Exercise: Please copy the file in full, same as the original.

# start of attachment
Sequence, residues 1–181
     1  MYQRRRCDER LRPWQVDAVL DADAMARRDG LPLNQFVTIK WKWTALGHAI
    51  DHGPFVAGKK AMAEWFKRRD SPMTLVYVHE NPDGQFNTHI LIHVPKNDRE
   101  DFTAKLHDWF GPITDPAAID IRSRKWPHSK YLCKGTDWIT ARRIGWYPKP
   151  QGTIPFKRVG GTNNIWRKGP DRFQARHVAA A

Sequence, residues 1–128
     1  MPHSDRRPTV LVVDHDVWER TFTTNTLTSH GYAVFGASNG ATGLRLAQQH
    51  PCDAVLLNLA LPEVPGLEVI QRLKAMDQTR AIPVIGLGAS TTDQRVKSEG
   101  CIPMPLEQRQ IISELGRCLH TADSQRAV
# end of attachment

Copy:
Sequence, residues 1–181
     1  MYQRRRCDER LRPWQVDAVL DADAMARRDG LPLNQFVTIK WKWTALGHAI
    51  DHGPFVAGKK AMAEWFKRRD SPMTLVYVHE NPDGQFNTHI LIHVPKNDRE
   101  DFTAKLHDWF GPITDPAAID IRSRKWPHSK YLCKGTDWIT ARRIGWYPKP
   151  QGTIPFKRVG GTNNIWRKGP DRFQARHVAA A

Sequence, residues 1–128
     1  MPHSDRRPTV LVVDHDVWER TFTTNTLTSH GYAVFGASNG ATGLRLAQQH
    51  PCDAVLLNLA LPEVPGLEVI QRLKAMDQTR AIPVIGLGAS TTDQRVKSEG
   101  CIPMPLEQRQ IISELGRCLH TADSQRAV